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Title: Bioaugmentation an effective strategy to improve the performance of biobeds: a review.
Authors: Pinto, A. P.
Lopes, M. E.
Dordio, A.
Castanheiro, J. E. F. C.
Editors: Vara Prasad, Majeti Narasimha
Keywords: Bioaugmentation
Issue Date: 2020
Publisher: Elsevier
Citation: Pinto et al., 2020
Abstract: Climate change, one of the planet’s main current environmental problems, requires urgent attention and is accelerating the need for developing low-cost technologies for wastewater depuration, which are able to promote the conservation of water natural resources worldwide. In order to protect natural resources, the European Union has been creating ever more restrictive directives with the aim of preserving the quality of surface and groundwater resources by reducing their pollution and promoting their sustainable use. Given the goal of recycling and safe reuse of wastewaters set by European countries to be achieved by 2030 (UN Sustainable Development Goal on Water, SDG 6), strategies to clean up wastewaters from agricultural activities are therefore required. The use of pesticides in agricultural and nonagricultural contexts since the 1950s has brought considerable progress to the management of food resources as well as to human and animal life. Nevertheless, as it is widely recognized and due to extensive applications of crop treatments, an undesirable fraction of some active ingredients of pesticides can be frequently detected in freshwater systems, as a result of their physicochemical properties and biochemical behavior. In fact, their ubiquitous presence in water resources has an important role in the global loss of freshwater biodiversity and ecosystem functioning. Factors controlling the fate of a pesticide include a variety of chemical and environmental properties [e.g., (bio)degradation rate, sorption to organic carbon, and water solubility], climatic factors (e.g., temperature and precipitation), soil characteristics (e.g., topography), and agricultural practices. Following field application, pesticides may reach water bodies through a series of different pathways with surface runoff and tile drains being widely accepted as the most important nonpoint sources. On the other hand, inadequate handling of pesticides during filling and cleaning of spraying equipment, spillages during tank filling or improper disposal of application residues have been identified as the major point-source contamination. Accordingly, disposal of pesticide-containing wastewaters must be undertaken properly to avoid the decline of water quality. Several physicochemical or biological systems for mitigating the effect of pesticide pollution have been applied. Nevertheless, many of them are costly or require complex technology to be carried out, restricting their use in farms. Due to these limitations, simpler systems, called pesticide biopurification systems (BPS), have been developed and implemented. BPS make use of and improve the ability of microbial degradation (mainly by bacteria and fungi), and also of the sorption ability of its components, in order to minimize the extent of the impact that pesticides could have in the environment. BPS were first implemented in Sweden in the 1990s as simple and cheap constructions, built to contain and (bio)degrade pesticide residues in agricultural farms. BPS consist of excavations or containers filled with a biologically active matrix called biomixture, composed by soil, a lignocellulosic substrate, and a component with a high humic content mixed in different proportions. The effectiveness of a BPS is based on the capacity of the biomixture to (bio)degrade and sorb high loads of pesticides being discharged on the system. Therefore sorption and microbial degradation abilities of the biomixture play a fundamental role in achieving an adequate efficiency, which could be improved by bioaugmentation with specific microorganisms.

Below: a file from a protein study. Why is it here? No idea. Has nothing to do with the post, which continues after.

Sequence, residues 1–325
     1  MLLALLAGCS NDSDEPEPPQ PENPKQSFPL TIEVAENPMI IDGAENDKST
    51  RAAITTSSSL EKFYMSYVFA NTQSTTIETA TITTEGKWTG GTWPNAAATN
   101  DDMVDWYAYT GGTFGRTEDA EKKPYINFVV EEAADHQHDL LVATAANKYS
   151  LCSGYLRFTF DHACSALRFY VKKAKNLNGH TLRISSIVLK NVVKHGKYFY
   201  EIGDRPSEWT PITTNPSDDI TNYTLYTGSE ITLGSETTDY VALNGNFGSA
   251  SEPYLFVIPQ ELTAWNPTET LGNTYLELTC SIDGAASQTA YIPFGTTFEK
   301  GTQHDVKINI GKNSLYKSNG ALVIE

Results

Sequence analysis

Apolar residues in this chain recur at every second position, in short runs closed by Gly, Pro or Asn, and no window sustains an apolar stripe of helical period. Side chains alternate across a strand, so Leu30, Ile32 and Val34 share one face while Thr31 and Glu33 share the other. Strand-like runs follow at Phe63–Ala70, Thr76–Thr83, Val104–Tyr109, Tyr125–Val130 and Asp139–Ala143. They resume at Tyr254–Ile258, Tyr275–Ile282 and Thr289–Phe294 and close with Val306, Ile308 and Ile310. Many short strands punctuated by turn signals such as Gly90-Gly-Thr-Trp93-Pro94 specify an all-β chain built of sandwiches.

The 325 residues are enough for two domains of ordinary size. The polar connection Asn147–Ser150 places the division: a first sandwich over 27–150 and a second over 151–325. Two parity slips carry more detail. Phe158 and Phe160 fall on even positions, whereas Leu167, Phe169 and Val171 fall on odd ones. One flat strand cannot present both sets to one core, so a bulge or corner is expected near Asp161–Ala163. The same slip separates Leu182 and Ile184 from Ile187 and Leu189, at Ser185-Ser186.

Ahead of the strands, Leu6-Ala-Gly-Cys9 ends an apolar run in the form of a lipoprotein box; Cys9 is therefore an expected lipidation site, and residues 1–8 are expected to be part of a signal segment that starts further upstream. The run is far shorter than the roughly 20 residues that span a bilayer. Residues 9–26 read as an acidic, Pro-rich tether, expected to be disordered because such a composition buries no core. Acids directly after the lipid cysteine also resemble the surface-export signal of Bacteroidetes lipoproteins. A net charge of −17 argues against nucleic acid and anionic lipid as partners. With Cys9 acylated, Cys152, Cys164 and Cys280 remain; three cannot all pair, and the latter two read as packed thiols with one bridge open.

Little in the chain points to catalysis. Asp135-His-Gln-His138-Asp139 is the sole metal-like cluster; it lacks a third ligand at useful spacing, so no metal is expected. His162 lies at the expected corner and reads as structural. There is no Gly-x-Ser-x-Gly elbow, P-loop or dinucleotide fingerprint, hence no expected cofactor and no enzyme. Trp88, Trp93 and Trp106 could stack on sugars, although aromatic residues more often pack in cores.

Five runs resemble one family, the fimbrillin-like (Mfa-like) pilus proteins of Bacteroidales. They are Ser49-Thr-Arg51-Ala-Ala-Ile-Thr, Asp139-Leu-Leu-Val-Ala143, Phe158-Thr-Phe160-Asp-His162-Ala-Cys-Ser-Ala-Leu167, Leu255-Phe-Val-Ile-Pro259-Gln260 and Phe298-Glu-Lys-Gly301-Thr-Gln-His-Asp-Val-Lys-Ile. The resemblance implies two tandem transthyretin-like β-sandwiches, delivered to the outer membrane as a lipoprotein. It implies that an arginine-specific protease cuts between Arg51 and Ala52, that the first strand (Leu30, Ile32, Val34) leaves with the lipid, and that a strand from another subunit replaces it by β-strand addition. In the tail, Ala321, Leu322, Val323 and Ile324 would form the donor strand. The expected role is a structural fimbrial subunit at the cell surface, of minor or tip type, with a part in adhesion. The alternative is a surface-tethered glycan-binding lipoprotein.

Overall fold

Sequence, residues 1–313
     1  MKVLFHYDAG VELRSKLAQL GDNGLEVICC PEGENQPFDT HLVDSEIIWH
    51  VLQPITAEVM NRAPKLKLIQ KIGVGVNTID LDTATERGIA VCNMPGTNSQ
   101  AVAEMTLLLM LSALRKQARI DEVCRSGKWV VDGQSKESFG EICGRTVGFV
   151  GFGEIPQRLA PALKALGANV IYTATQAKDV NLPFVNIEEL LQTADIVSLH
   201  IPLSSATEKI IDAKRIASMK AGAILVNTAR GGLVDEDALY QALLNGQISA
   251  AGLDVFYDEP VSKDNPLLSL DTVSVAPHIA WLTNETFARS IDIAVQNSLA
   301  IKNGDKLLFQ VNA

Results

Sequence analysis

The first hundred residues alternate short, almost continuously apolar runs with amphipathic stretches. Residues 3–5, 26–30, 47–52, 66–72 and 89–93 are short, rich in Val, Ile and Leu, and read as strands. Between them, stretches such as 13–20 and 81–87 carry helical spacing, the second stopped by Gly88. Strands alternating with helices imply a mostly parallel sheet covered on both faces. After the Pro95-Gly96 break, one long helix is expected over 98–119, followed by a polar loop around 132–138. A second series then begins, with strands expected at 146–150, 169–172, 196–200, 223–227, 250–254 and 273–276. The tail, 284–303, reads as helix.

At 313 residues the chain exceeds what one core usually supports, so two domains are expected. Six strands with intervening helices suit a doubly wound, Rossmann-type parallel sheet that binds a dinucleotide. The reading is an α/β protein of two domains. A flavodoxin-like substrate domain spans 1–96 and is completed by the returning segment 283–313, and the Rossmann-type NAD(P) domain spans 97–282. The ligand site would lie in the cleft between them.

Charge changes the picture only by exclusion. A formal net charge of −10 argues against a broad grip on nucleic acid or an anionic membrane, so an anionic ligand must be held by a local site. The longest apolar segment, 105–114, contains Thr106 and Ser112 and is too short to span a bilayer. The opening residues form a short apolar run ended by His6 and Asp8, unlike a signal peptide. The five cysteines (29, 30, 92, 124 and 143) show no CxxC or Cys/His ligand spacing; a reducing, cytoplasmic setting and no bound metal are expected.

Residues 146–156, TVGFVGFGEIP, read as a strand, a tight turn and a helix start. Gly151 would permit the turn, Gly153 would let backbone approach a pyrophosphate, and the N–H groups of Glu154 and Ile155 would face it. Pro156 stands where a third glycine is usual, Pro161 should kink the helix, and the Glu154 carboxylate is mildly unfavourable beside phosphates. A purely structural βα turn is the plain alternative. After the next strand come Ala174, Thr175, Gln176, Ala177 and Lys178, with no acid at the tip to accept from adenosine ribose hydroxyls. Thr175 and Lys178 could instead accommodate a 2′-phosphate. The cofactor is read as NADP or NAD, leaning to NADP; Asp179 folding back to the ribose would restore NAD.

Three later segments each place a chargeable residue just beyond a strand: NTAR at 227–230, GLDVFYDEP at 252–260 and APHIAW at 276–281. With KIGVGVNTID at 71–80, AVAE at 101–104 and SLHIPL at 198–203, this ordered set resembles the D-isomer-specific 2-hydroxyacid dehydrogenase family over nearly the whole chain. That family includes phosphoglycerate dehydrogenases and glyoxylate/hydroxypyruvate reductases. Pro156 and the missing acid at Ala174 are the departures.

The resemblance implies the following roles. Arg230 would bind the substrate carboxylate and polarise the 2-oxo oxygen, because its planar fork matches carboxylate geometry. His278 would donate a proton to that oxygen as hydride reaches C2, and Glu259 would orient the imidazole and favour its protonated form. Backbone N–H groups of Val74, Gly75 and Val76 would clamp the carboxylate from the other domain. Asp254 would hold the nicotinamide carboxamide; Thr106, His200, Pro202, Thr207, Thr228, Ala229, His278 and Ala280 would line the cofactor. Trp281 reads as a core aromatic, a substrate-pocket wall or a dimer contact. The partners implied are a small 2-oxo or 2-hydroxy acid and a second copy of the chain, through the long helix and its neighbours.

Type: bookPart
Appears in Collections:QUI - Publicações - Capítulos de Livros
MED - Publicações - Capítulos de Livros

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